Earlier this year, we urged voters to pass a new Education Special Purpose Local Option Sales Tax (ESPLOST) to provide money to improve conditions for our children and their teachers, and voters did so overwhelmingly on March 1.

Now, as Douglas County voters cast their ballots for the Nov. 8 general election, they are being asked to pass a new Special Purpose Local Option Sales Tax (SPLOST).

And again, just as we did ahead of the ESPLOST vote, this newspaper's editorial board urges voters to approve the SPLOST vote when they go to the polls.

While the ESPLOST funds go the education system, the new SPLOST the county is asking voters to approve will provide much-needed upgrades for public safety, transportation and parks.

As we argued with the ESPLOST, a sales tax like the SPLOST, which adds 1 cent in tax for every dollar on items purchased in the county, passes the cost of projects on to people who live outside the county rather than putting it all on the backs of property owners.

If it passes, 51 percent of the SPLOST would go to transportation, 32 percent would go to public safety and 17 percent would go to parks and recreation. Between $130-$160 million is expected to be raised over the six years of the SPLOST, according to County Administrator Mark Teal. Teal said the county would get between $96-$115 million of that and the cities of Douglasville, Villa Rica and Austell would get a share based on population.

One of the big ticket items is a digital radio system for the Douglas County Sheriff's Office, which Sheriff Phil Miller estimates will cost $12-$15 million.

Miller said the sheriff's office has been asking for the radio system since 1992 and that virtually every other agency around the DCSO, including law enforcement agencies in Carroll, Cobb and Fulton counties and even the Douglasville Police Department, Villa Rica Police Department and Douglas County Fire Department, have the 800 megahertz digital system.

Miller said with the current analog system the DCSO uses, there are dead spots where his deputies can't communicate. He points out that if the city police department has a call for a crime like an armed robbery, his deputies won't know the crime has occurred "unless 911 repeats it to us on our frequency." And he said currently, if one of his deputies gets on the radio "and screams for help" they could be blocked out by other traffic on the radio.

All of those problems would be resolved with the new radio system that would be purchased if the SPLOST passes, along with the ability for the DCSO to communicate with other agencies without having to go through 911 as a mediator.

"It just might save an officer's life at some point in time," Miller said.

The Douglas County Fire Department has a well documented need for fire trucks that run $550,000 each, aerial trucks that cost $1 million each and ambulances that run $200,000 each to replace aging vehicles.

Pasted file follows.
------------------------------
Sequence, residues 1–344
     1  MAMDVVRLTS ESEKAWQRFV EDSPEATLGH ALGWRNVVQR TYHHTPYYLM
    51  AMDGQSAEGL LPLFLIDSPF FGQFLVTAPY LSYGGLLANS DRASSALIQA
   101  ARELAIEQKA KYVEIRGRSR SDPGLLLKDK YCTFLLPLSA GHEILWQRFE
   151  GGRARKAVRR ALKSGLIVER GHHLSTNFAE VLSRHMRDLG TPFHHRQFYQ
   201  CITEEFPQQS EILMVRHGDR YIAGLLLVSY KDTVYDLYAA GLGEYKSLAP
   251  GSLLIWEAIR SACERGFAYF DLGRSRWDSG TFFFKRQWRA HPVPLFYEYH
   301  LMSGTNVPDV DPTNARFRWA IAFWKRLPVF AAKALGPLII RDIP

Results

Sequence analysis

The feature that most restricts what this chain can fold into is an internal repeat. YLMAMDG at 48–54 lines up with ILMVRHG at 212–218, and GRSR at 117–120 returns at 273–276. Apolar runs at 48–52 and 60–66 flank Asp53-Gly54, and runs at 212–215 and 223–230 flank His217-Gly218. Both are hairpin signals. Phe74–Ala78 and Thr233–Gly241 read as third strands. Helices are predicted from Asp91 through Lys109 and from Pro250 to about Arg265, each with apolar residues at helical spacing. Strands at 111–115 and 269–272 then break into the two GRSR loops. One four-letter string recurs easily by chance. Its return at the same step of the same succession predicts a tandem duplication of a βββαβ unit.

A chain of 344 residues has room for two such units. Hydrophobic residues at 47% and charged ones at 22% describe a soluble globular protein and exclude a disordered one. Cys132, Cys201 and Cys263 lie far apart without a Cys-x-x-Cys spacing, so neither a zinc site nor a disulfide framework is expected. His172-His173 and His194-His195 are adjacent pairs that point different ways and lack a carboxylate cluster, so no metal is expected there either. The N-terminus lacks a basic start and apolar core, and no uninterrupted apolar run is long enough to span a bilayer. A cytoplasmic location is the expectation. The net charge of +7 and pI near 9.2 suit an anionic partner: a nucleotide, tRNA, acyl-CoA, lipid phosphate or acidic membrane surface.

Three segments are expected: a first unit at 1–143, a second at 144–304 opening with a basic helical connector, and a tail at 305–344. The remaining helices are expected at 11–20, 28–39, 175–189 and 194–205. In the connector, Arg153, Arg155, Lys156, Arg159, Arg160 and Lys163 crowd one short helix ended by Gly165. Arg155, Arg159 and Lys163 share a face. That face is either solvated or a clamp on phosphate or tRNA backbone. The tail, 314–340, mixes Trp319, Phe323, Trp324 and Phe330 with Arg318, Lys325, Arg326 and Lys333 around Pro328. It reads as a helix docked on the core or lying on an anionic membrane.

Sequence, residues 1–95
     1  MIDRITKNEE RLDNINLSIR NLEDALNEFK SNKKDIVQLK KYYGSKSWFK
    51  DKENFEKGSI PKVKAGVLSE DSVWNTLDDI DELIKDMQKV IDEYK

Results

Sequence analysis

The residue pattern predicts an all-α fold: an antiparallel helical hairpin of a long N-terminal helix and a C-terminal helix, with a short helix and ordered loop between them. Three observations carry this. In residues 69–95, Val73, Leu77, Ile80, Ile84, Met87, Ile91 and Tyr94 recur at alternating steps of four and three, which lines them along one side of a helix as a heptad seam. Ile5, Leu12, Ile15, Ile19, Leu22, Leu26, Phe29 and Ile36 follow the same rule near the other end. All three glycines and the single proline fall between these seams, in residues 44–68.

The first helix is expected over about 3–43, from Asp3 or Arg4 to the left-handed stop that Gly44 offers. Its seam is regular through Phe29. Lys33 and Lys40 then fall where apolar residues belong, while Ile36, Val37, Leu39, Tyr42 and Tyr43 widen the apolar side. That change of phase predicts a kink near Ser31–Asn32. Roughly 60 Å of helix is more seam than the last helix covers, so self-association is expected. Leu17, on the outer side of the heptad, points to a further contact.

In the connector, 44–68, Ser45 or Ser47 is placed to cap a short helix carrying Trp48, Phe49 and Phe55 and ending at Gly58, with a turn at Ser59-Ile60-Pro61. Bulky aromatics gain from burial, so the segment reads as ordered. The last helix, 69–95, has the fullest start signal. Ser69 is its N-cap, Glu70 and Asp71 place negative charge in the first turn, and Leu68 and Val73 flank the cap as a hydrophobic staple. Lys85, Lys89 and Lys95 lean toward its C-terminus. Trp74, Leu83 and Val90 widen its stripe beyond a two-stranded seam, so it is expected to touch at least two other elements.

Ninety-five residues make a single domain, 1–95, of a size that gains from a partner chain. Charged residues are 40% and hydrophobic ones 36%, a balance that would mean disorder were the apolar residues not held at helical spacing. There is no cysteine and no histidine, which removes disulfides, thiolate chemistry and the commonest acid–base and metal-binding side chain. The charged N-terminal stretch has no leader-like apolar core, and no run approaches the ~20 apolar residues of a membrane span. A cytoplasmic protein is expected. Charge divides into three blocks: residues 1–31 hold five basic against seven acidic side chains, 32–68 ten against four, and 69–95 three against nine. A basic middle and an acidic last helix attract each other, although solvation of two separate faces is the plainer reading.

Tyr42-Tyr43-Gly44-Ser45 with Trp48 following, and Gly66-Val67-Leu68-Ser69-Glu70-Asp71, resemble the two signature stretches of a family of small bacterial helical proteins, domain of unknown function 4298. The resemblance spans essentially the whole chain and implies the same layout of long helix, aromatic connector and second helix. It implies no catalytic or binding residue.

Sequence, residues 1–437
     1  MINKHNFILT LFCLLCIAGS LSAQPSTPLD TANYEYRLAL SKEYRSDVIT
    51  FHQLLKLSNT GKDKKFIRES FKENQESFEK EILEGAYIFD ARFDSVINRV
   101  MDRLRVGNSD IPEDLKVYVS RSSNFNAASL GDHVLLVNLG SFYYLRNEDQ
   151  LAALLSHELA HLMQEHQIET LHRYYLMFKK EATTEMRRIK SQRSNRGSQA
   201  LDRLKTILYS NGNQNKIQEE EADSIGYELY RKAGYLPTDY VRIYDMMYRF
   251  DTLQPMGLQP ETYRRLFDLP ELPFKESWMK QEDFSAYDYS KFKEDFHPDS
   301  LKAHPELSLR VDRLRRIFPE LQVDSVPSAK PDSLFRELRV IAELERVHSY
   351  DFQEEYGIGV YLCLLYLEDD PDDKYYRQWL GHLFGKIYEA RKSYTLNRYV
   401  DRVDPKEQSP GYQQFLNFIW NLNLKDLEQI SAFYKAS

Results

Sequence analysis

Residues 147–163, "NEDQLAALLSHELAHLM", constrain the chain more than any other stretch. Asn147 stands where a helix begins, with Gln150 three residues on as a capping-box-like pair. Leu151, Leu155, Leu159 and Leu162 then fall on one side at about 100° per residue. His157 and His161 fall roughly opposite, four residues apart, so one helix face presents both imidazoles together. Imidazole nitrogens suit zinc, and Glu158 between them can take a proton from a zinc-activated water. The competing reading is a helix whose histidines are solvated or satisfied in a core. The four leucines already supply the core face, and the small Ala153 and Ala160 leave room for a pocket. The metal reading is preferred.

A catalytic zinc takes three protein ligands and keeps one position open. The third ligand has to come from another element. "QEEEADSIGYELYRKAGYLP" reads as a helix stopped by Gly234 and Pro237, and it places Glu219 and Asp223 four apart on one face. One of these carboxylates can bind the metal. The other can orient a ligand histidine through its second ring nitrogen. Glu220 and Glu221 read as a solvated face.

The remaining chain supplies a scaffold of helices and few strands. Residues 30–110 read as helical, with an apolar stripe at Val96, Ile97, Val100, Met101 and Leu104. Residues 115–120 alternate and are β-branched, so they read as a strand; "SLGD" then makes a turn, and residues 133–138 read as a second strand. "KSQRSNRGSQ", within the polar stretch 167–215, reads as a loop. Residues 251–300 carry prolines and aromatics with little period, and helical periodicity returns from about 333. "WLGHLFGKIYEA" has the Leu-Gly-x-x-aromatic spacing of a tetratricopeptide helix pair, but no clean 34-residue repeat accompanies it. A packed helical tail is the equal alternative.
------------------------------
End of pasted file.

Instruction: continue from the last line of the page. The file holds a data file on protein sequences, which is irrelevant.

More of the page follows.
Those are among the other public safety items included in the proposed SPLOST that we believe make a "yes" vote on the SPLOST referendum a no-brainer.

As the county has grown, our roads have taken a beating and the SPLOST addresses that with the bulk of the money raised by the 1 percent sales tax going to transportation. An estimated $18 million would be used on resurfacing and $15 million would go toward major intersections that need work including traffic hot spots like Highway 5 at Douglas Boulevard.

And, just as the county needs law enforcement and fire/EMS staff that are well equipped to handle emergencies, we also feel strongly about having a good parks and recreation system.

Teal estimates at least $17 million would go to parks, with renovations to county parks at Winston, Bill Arp, Fairplay, Post Road and Deer Lick, a multi-purpose recreation center/senior center/gym, a Dog River Nature Center and others items which we believe will make Douglas County a desirable place to live for years to come.

As we made clear earlier this year, this newspaper's editorial board believes in fiscal responsibility, and we haven't shied away from calling out local governments when they've made decisions that we believe adversely affect taxpayers' wallets.

But we feel strongly that this SPLOST will fund needed and worthwhile projects.

Sheriff Miller, a staunch conservative, said it best: "I think that the SPLOST is the most fair tax that we have. The people that spend money actually pay for it. I think the numbers are about 45 percent of the SPLOST money comes from outside the county. It's the cheapest and quickest way to pay for something like that and I know there's a lot of fire department and public safety things in the SPLOST this time. … Again, that's a lot of bang for the buck -- 45 percent of it's being paid for by people that live outside this county and only people in the county who spend money are paying those taxes. I don't know how much fairer it could get. The people of Douglas County at some point in time are going to have to spend money for this radio system, they're going to have spend money on fire trucks and other equipment that public safety needs in order for us to be able to give the kind of service to this community that they expect. And why not let somebody else help pay for it?"

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